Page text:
Should I go flat, main bed only, and have you seam them? Should I go toes-down, and put two seams in the cuff, like my fave Passap sock? Or toes-up and put one seam in the cuff? I finally decided to do toes-up with one seam. I think it's the best possible sock if you don't have a circular sock knitting machine because it has the fewest seams.
This is a little more difficult than some projects, but so what? It's a series of straightforward steps, and a little practice will conquer them. As you knit a few socks, you will master a whole bunch of useful MK techniques.
The overarching principle in knitting is quality. Just as I strive hard for quality in the video project, which is my current stiff learning curve, you're striving for a quality product, for something to delight the recipient. If you're going to all that trouble to learn machine knitting, to pay for terrific equipment and supplies, then whether you're making a sock or a designer sweater knock-off, you want a quality finished result.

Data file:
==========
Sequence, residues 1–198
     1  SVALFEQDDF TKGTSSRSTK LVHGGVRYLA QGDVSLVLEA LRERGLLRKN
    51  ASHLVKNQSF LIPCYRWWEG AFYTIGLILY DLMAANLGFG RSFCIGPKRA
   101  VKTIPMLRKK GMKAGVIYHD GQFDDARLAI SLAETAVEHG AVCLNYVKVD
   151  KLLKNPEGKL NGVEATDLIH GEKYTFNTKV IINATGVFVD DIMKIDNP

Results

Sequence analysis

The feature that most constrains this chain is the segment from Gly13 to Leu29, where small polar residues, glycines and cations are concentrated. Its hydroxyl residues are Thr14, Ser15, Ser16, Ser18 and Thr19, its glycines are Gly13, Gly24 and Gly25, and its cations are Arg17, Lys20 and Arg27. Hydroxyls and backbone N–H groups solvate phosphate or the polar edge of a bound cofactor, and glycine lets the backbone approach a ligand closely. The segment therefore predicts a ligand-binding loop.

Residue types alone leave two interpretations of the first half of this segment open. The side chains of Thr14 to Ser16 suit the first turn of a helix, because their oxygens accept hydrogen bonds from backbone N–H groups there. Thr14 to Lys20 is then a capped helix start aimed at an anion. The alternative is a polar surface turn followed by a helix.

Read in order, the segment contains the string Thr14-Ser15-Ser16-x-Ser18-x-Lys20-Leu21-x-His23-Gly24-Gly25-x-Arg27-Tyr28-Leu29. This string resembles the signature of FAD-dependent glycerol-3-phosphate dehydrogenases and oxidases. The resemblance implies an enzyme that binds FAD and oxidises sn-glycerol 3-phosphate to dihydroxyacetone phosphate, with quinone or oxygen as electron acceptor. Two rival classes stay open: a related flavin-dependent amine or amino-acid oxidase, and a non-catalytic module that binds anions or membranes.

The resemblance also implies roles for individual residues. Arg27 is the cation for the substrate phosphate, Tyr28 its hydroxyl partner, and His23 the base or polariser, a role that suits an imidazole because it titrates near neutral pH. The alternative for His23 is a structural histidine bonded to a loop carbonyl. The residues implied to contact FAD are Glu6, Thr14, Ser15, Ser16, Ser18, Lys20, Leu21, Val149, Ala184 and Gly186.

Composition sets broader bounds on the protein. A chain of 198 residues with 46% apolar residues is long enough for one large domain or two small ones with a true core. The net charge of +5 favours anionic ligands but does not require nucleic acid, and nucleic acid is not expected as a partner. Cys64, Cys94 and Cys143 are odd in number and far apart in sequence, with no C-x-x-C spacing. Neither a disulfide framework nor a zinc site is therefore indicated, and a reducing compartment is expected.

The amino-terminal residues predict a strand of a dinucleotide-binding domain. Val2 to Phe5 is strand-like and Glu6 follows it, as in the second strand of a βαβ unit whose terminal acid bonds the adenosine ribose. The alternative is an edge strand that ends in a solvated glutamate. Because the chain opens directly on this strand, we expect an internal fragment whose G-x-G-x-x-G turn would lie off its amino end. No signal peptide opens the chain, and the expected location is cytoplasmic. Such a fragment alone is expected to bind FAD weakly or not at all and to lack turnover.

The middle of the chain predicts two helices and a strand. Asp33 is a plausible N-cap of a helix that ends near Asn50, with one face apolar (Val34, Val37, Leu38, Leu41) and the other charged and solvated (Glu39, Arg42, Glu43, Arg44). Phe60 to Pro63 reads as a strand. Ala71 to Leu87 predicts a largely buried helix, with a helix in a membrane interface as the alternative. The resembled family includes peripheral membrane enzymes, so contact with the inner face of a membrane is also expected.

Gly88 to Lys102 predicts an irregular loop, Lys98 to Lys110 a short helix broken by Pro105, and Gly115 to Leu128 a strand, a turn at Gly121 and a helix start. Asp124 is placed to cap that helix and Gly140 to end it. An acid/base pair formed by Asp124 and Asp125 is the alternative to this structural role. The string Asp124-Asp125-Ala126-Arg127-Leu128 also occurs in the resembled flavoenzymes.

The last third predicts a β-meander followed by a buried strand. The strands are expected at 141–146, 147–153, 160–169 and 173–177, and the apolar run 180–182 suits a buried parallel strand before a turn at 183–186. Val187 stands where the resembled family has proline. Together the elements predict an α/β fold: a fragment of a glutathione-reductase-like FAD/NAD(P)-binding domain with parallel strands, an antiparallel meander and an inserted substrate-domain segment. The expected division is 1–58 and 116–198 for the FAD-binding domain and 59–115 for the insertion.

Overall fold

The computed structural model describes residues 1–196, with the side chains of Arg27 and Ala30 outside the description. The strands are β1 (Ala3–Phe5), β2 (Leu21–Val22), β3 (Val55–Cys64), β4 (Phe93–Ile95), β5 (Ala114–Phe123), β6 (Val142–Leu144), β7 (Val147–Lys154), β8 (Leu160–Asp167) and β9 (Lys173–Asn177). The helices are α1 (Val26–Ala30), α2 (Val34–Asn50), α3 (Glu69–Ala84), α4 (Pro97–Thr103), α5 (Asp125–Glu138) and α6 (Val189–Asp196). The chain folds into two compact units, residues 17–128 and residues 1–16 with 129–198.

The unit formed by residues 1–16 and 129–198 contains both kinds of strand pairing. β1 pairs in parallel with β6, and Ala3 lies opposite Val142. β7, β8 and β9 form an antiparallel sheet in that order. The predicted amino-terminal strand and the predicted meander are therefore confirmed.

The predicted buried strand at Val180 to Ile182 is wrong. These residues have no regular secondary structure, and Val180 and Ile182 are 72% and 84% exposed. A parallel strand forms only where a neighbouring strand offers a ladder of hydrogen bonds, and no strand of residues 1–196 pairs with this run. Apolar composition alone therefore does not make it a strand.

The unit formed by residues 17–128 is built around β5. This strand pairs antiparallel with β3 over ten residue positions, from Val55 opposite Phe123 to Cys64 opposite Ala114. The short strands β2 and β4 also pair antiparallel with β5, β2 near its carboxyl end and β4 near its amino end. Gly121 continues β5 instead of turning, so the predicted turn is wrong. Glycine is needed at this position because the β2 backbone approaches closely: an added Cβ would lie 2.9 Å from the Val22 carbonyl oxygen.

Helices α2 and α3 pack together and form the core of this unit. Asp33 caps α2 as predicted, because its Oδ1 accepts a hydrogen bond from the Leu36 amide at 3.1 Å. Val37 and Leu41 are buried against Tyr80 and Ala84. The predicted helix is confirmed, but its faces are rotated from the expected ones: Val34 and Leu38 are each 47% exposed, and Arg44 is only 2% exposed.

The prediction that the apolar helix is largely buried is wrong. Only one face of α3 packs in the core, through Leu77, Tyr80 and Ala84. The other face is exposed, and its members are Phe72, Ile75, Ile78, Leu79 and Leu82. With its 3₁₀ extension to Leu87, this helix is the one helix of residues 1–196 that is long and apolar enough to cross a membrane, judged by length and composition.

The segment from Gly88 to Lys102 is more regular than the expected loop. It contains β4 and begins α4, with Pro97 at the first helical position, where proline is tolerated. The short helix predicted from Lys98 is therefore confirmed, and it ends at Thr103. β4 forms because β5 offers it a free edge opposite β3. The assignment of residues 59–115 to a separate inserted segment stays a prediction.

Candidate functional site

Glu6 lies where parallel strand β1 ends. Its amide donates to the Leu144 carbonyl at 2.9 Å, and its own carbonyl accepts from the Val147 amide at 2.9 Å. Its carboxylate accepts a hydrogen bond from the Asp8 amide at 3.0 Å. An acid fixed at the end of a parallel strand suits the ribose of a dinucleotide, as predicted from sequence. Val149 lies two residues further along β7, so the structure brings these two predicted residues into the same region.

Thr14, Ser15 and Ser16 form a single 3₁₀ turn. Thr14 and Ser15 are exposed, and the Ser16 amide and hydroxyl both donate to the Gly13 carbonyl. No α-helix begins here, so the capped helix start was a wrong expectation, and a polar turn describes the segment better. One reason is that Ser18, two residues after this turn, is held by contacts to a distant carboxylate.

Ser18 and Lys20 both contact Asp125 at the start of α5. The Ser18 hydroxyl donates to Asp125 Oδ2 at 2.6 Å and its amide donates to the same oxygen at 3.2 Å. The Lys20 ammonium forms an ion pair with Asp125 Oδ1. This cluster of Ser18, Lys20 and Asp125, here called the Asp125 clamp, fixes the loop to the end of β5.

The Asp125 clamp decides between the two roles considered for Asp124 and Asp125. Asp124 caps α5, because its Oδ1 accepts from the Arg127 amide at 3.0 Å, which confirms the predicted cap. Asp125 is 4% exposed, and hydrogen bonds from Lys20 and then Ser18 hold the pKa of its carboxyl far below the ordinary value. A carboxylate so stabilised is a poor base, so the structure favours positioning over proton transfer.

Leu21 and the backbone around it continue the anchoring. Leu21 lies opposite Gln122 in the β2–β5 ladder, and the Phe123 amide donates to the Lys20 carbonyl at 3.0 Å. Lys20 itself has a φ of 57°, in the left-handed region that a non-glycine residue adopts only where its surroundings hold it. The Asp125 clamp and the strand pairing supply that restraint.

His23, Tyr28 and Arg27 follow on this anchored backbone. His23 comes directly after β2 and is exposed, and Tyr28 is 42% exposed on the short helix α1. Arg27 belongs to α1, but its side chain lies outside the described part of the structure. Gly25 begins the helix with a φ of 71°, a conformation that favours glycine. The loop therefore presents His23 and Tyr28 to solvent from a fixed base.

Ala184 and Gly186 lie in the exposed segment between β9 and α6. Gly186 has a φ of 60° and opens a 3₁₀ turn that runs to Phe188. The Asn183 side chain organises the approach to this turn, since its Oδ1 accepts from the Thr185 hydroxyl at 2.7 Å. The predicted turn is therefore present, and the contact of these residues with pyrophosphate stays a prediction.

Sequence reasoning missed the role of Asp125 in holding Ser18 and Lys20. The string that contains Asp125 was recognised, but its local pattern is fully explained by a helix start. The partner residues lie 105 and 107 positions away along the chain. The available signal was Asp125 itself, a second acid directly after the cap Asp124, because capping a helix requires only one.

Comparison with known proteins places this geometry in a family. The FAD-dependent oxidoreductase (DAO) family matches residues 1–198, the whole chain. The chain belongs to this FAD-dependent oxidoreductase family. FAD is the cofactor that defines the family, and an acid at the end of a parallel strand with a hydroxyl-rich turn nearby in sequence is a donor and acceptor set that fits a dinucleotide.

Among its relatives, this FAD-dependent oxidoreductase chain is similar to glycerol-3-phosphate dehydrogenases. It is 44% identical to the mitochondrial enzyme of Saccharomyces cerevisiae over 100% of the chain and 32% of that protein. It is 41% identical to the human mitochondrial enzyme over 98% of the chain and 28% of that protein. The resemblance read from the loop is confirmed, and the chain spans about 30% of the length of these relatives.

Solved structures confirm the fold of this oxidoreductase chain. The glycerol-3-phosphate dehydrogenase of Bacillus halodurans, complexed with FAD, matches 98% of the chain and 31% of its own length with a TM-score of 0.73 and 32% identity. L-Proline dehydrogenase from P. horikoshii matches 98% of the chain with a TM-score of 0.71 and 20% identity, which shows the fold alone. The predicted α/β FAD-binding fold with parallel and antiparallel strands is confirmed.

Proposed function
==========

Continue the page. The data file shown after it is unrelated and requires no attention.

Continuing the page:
There's no point in making socks with crummy yarn. Use a good superwash wool yarn with some nylon content for socks that last. You can wear holes in an all-acrylic sock in nothing flat, maybe even in one wearing. I have homemade wool/nylon socks in my sock drawer that are years old.
Here is the latest about the DVD project. A lot of folks have asked me to make DVDs of the lessons available for purchase. This week, I was on vacation and I was able to spend time learning the new camera and the new editing software. The DVDs we've recorded and played back on our TV are amazing. Even on the standard machine with itsy sock yarn, you can see the tiny stitches and all my goofs and fumbles in almost painful detail. Soon, I hope to have the sock DVDs and a companion book with all the sizes available for sale.
I jump off on the DVD project with this one; it's a start to see how they are received.
Go up to find the sock videos!